SteamOS

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SteamOS
SteamOS Logo.png
Company / developerValve Corporation
OS familyUnix-like
Working stateUnder development
Source modelFree and open source software with proprietary components
Marketing targetGamers, entertainment
Package managerSteam[citation needed]
Supported platformsx86-64
Kernel typeMonolithic Linux kernel
Default user interfaceSteam
Official websiteSteamOS
 
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SteamOS
SteamOS Logo.png
Company / developerValve Corporation
OS familyUnix-like
Working stateUnder development
Source modelFree and open source software with proprietary components
Marketing targetGamers, entertainment
Package managerSteam[citation needed]
Supported platformsx86-64
Kernel typeMonolithic Linux kernel
Default user interfaceSteam
Official websiteSteamOS

SteamOS is an operating system based on the Linux kernel in development by Valve Corporation. It will be the primary operating system for the Steam Machine games consoles, and freely available to install on PCs.

Features[edit]

SteamOS is designed primarily for playing video games. Users will be able to stream games from their Windows or Mac computers to one running SteamOS, and it will incorporate the same family sharing and restrictions as Steam on the desktop.[1] Valve claims that it has "achieved significant performance increases in graphics processing" through SteamOS.[2] The operating system will be open source allowing anyone to build on or adapt the source code,[3] and will run on Steam Machines.[4]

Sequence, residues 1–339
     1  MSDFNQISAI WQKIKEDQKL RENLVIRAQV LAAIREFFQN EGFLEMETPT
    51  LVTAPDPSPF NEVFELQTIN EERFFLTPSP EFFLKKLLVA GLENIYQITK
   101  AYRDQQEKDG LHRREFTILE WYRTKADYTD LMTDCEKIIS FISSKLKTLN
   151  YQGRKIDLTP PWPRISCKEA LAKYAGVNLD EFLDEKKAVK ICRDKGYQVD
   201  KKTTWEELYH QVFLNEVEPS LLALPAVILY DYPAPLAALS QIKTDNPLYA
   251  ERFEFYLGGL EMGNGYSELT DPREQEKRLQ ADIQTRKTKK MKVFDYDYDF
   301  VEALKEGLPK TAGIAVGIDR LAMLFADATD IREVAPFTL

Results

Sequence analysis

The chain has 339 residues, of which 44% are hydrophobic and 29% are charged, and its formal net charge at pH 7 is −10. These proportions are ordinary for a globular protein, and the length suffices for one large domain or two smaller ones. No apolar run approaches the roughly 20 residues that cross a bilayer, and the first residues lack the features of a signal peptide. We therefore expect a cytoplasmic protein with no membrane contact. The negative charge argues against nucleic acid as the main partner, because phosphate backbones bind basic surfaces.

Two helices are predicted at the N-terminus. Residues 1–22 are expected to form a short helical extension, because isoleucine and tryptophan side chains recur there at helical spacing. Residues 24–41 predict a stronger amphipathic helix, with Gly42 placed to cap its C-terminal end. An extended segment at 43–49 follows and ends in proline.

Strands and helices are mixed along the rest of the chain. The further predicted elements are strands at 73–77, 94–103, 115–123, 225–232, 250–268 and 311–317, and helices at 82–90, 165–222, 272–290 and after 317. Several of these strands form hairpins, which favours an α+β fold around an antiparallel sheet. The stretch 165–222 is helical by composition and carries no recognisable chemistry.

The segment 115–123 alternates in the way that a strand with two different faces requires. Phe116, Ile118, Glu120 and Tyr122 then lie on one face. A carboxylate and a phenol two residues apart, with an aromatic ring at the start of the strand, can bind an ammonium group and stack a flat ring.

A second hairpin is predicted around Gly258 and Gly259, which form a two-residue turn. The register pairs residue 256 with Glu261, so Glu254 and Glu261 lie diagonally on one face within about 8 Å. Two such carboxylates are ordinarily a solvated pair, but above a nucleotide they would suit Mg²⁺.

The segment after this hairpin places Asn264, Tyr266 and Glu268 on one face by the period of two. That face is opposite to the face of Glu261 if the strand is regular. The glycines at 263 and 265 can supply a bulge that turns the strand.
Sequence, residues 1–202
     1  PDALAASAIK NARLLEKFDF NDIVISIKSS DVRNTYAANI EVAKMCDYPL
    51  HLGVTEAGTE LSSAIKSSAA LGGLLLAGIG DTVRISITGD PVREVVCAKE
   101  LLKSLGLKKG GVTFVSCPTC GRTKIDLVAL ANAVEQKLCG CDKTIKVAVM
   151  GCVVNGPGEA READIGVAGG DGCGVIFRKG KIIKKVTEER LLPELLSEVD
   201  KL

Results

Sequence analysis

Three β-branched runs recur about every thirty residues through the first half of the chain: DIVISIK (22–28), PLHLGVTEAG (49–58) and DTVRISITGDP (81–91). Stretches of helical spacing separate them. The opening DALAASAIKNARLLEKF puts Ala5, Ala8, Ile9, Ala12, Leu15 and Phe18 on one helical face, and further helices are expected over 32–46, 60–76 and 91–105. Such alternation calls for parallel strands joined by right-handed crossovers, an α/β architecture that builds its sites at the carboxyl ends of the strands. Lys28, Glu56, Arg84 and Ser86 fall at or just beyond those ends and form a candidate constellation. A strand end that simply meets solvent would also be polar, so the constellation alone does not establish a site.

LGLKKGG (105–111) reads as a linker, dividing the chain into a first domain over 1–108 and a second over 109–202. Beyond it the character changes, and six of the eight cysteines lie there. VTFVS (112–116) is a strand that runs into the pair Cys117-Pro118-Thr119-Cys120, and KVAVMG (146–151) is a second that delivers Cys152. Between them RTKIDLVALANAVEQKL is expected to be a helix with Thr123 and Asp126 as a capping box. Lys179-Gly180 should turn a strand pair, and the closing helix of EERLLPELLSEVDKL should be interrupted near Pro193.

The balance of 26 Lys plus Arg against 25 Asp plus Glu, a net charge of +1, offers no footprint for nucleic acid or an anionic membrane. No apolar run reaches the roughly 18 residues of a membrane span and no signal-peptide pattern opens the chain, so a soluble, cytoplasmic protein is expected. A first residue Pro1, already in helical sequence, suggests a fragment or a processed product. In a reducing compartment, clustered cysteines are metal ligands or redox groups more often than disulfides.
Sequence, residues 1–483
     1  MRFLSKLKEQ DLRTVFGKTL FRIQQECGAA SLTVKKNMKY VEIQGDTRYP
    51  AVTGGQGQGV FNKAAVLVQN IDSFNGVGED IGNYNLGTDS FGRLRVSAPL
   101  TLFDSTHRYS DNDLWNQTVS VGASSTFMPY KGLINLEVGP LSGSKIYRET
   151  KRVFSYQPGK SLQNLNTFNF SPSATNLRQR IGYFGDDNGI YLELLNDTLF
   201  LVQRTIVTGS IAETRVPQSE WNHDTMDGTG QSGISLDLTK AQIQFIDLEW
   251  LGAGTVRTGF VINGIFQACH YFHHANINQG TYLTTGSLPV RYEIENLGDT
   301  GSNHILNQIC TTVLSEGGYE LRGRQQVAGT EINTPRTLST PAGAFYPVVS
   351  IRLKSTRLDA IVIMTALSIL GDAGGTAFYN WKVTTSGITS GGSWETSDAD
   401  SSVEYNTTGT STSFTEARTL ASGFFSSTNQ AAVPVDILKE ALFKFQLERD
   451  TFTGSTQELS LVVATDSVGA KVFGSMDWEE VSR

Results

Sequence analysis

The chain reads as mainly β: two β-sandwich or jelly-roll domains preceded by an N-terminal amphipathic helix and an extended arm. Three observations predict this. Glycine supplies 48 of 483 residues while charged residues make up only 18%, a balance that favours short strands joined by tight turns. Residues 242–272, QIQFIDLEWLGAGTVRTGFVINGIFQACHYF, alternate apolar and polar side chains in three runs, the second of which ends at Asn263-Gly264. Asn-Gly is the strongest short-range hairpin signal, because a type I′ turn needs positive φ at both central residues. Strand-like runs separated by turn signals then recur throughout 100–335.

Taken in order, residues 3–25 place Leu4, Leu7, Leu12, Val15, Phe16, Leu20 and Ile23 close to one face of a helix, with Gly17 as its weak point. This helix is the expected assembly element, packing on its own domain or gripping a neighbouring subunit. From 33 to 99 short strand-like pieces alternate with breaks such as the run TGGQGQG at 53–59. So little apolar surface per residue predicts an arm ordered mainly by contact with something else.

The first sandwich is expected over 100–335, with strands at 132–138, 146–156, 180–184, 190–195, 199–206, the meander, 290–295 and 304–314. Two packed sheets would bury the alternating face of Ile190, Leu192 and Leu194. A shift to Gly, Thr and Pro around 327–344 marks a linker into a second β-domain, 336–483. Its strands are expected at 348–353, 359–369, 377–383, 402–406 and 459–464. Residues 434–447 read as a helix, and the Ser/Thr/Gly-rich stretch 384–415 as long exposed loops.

Since SteamOS is designed for playing games it will not have many built-in functions beyond web browsing and playing games; for example there is no file manager or image viewer. Though the OS does not, in its current form, support streaming services, Valve is in talks with streaming companies to bring the feature to SteamOS.[5]

History[edit]

During a panel at LinuxCon, Valve co-founder and executive director Gabe Newell stated that he believed "Linux and open source are the future of gaming", going on to say that the company is aiding game developers who want to make games compatible with Linux, and that they would be making an announcement the following week related to introducing Linux into the living room.[6] On 20 September 2013, Valve posted a website titled The Steam Universe is Expanding in 2014 which teased three new announcements from them related to "even more ways to connect the dots for customers who want Steam in the living-room."[7][8] The first announcement was revealed on 23 September as SteamOS, with Valve saying they had "come to the conclusion that the environment best suited to delivering value to customers is an operating system built around Steam itself."[9] A large focus of the reveal was the openness of the operating system, with it being announced that users would be able to alter or replace any part of the software, and that it would be free.[10]

In October 2013 Valve announced Steam Dev Days; a two day developer conference where video game developers will be able test and provide feedback on SteamOS and Steam Machines.[11] In October 2013 NVIDIA also announced their collaboration with Valve to aid in developing Steam Machines with the help of a developing library called GameWorks which will incorporate PhysX, OptiX, VisualFX and others NVIDIA-proprietary engines.[12]